An Update on the Benghazi Attack
Many of you have reached out to me about the Benghazi terrorist attack on September 11, 2012, that resulted in the murder of four Americans, including U.S. Ambassador Chris Stevens.
I share your deep concern over this issue. Eight months after the attack, we still don’t have the full story. In order to improve embassy security, increase the safety of our Foreign Service officers, and ensure the continued security of the American people, it is critical that we have all the answers.
This week, Mark Thompson, acting deputy assistant secretary for counterterrorism at the State Department – who was in real-time communication with the team in Libya during the attack – testified before the House Oversight and Government Reform Committee. He asserted the terrorist attack has been “misrepresented.” Additionally, while he had firsthand knowledge of how the attack unfolded, the independent Accountability Review Board (ARB) that the Secretary of State established never contacted him.
But the biggest omission from the ARB process was that Secretary Clinton herself and high-level State Department officials were never interviewed. While the Secretary publicly accepted responsibility, we still don’t have critical insight into the decisions at the highest levels leading up to and after the attack.
Although the ARB did provide some helpful recommendations regarding various State Department procedures, it stopped well-short of a full review of the policymakers, policies, and decisions made before, during, and after the events in Benghazi. For this reason, the House Foreign Affairs Committee plans to look at ways to create a more independent review body, should another tragic security incident like this ever happen again.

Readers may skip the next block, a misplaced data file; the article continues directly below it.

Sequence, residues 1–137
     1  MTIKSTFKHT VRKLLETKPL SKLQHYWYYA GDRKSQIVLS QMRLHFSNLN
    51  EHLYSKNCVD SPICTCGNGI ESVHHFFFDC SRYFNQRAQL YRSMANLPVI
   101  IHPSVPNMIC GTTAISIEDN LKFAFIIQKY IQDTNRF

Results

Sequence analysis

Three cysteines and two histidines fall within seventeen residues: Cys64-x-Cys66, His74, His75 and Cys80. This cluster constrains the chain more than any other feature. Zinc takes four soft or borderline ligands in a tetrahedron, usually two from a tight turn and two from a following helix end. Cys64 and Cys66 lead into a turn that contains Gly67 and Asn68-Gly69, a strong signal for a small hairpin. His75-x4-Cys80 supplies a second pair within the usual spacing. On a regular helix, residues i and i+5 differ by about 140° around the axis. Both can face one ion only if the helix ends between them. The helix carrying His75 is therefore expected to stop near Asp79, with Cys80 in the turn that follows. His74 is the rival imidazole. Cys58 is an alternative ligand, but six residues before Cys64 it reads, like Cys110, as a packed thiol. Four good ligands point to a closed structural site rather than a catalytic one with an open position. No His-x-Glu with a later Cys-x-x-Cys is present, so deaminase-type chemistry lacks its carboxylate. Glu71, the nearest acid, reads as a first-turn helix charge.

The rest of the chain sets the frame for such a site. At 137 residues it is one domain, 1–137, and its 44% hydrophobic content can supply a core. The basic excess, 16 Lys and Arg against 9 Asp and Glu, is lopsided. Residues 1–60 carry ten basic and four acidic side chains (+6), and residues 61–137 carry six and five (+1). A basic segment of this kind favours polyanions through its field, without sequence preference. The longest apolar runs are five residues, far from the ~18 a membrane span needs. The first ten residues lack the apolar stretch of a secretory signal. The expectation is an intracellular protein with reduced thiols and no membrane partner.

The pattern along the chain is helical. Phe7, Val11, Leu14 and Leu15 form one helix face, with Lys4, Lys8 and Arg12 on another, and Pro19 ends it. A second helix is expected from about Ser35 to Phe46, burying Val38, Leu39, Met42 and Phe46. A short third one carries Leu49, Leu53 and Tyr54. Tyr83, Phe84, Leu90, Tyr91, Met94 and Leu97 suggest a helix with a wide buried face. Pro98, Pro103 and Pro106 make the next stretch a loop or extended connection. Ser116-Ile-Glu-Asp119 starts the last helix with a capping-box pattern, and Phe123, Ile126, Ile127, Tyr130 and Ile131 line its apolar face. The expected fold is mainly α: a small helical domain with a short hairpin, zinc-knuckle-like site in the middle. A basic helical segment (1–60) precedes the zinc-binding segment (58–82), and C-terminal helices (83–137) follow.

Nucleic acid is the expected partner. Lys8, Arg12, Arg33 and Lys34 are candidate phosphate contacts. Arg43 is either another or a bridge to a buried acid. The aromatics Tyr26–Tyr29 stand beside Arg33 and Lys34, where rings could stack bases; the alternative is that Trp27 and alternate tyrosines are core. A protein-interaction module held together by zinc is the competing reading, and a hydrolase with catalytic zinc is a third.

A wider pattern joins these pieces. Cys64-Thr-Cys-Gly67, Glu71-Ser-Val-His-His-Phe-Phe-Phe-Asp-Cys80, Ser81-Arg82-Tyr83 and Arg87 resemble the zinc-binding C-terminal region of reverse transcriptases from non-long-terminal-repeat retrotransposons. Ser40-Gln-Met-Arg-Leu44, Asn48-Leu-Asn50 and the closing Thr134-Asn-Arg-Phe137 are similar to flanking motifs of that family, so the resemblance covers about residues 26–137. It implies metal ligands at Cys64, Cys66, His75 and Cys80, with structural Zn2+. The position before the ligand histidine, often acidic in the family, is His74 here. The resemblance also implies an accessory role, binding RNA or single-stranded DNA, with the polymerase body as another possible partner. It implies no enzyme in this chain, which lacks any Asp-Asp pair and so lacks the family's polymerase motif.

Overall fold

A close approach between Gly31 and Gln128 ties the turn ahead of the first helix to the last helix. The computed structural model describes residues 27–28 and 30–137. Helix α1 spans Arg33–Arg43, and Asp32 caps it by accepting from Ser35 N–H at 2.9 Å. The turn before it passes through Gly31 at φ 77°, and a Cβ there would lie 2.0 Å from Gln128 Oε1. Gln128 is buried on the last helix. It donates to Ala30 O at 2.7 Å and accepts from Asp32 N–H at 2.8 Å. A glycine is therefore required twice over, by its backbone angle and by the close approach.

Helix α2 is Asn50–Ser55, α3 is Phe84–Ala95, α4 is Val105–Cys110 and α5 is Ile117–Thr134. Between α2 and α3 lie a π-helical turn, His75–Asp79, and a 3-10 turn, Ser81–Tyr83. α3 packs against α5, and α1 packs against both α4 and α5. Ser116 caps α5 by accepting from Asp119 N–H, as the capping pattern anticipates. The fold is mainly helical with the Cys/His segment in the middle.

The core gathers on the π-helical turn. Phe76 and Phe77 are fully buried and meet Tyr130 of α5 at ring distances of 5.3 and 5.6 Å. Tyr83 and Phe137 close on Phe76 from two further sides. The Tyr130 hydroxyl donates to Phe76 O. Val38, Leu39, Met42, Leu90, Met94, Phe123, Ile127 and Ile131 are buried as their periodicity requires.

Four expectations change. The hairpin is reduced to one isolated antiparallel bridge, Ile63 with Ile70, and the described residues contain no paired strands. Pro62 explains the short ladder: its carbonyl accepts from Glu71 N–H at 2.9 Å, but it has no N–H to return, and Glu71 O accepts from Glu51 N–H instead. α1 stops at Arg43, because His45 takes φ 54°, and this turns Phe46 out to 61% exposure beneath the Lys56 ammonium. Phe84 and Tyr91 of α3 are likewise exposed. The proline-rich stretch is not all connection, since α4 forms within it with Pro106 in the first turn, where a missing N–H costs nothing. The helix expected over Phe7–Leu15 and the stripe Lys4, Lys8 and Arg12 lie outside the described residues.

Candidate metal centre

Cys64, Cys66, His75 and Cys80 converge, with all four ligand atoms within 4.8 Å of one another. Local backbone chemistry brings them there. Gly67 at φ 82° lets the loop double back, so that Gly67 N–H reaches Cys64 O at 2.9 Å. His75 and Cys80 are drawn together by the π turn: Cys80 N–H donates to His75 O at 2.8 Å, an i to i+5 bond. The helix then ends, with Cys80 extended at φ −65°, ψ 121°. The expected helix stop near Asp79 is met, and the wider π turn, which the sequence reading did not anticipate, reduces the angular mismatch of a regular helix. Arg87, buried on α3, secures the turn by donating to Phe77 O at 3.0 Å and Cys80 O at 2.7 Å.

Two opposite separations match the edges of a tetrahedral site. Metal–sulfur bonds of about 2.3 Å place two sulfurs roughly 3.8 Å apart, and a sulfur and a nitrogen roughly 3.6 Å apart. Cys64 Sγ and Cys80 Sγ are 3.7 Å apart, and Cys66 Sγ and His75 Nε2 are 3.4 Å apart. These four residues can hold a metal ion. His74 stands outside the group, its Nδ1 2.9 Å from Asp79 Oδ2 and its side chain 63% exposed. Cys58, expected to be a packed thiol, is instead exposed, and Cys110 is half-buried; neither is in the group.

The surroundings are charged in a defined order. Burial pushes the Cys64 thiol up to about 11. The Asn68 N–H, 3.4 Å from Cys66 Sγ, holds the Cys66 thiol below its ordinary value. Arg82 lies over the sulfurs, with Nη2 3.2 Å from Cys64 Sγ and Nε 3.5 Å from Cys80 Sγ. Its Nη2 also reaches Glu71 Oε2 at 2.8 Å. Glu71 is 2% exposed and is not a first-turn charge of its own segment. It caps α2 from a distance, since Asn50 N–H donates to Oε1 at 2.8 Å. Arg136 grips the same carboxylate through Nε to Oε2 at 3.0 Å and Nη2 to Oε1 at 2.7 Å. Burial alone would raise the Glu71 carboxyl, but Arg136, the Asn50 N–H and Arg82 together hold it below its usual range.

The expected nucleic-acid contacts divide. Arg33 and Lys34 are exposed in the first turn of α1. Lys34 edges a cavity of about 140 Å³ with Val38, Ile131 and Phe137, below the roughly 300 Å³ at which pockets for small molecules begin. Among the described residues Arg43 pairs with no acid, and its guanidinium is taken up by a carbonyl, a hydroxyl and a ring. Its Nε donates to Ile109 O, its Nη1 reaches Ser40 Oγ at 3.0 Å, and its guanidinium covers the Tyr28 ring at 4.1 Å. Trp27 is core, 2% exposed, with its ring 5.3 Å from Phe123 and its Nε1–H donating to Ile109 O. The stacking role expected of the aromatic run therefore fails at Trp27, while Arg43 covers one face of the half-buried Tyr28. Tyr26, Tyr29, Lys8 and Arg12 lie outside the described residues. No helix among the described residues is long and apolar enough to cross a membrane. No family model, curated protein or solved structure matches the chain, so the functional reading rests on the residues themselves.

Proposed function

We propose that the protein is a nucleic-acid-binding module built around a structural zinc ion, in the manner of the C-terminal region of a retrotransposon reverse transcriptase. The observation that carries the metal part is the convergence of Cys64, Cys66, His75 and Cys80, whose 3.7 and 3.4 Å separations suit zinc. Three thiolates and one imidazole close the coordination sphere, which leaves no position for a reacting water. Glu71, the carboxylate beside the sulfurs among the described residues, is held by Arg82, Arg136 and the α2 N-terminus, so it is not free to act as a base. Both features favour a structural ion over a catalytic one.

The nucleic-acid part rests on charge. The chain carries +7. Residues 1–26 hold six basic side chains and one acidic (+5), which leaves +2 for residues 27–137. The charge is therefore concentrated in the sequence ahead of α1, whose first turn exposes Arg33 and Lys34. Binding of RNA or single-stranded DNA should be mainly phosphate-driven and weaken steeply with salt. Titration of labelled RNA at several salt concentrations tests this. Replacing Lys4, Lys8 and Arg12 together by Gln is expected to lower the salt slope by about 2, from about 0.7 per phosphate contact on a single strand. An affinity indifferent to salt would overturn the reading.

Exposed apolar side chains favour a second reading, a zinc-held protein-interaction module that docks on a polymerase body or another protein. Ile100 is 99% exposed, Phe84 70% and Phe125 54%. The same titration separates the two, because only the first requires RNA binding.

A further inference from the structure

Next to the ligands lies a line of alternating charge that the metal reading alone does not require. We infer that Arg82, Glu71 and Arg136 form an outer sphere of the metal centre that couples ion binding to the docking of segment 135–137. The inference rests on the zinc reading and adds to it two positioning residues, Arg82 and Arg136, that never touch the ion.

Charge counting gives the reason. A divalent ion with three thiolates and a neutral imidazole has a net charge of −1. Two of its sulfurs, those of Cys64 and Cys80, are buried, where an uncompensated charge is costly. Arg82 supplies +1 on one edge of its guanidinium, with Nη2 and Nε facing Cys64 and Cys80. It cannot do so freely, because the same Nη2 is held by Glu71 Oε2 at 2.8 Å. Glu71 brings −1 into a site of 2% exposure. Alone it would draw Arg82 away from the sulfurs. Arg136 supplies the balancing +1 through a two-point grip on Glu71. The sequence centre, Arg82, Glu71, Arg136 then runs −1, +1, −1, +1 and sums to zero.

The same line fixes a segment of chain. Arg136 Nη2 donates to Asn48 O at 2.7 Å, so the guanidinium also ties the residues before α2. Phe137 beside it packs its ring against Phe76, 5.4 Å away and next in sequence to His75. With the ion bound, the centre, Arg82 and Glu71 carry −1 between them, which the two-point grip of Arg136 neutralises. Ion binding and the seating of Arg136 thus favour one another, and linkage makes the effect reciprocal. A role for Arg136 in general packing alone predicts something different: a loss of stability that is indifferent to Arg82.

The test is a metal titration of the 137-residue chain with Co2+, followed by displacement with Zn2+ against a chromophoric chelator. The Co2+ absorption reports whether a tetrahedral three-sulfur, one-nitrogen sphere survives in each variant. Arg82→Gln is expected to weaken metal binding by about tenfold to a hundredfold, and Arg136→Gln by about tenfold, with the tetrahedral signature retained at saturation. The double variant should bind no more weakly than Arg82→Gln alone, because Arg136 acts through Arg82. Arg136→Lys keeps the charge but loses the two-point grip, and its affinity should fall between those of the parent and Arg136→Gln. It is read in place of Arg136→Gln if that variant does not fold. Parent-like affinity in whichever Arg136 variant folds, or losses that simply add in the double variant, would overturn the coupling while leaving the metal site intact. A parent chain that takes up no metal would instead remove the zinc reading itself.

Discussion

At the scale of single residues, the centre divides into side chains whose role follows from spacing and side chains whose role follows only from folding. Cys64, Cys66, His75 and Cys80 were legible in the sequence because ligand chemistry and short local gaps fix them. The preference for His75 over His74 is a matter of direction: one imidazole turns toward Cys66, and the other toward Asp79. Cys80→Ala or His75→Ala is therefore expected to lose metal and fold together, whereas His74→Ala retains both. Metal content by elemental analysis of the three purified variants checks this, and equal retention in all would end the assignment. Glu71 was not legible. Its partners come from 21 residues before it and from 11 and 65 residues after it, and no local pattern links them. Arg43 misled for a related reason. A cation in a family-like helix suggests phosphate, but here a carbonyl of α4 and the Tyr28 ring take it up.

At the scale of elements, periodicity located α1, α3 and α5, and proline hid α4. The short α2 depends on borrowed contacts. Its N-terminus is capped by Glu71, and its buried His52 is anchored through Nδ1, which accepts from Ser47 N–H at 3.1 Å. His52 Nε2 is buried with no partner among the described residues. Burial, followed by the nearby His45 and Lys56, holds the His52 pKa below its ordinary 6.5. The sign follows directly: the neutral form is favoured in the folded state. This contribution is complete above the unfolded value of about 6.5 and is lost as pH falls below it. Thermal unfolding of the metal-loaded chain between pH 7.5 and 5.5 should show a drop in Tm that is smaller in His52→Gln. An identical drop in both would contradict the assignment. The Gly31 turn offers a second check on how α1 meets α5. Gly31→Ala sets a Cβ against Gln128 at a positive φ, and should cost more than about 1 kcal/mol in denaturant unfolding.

I want you to know that the House of Representatives has launched our own investigation. Recently, the five House Committees leading the investigation released their preliminary findings in an Interim Report.
Initial findings explain that in the year leading up to the terrorist attack, there were more than 200 security incidents in Libya – 50 of which were in Benghazi. Nonetheless, security levels were reduced. The report says these reductions were approved at the highest levels of the State Department.
To help get answers, I held a classified hearing in the Appropriations Subcommittee on State and Foreign Operations to examine our embassy security. In addition, the appropriations bill, which passed in March, increased funding levels by $2 billion for embassy security in order to give the State Department the resources they need to ensure Americans are safe abroad.
I’ll be in touch as I learn more about the situation. Please continue to reach out to me with your questions and concerns.
Member of Congress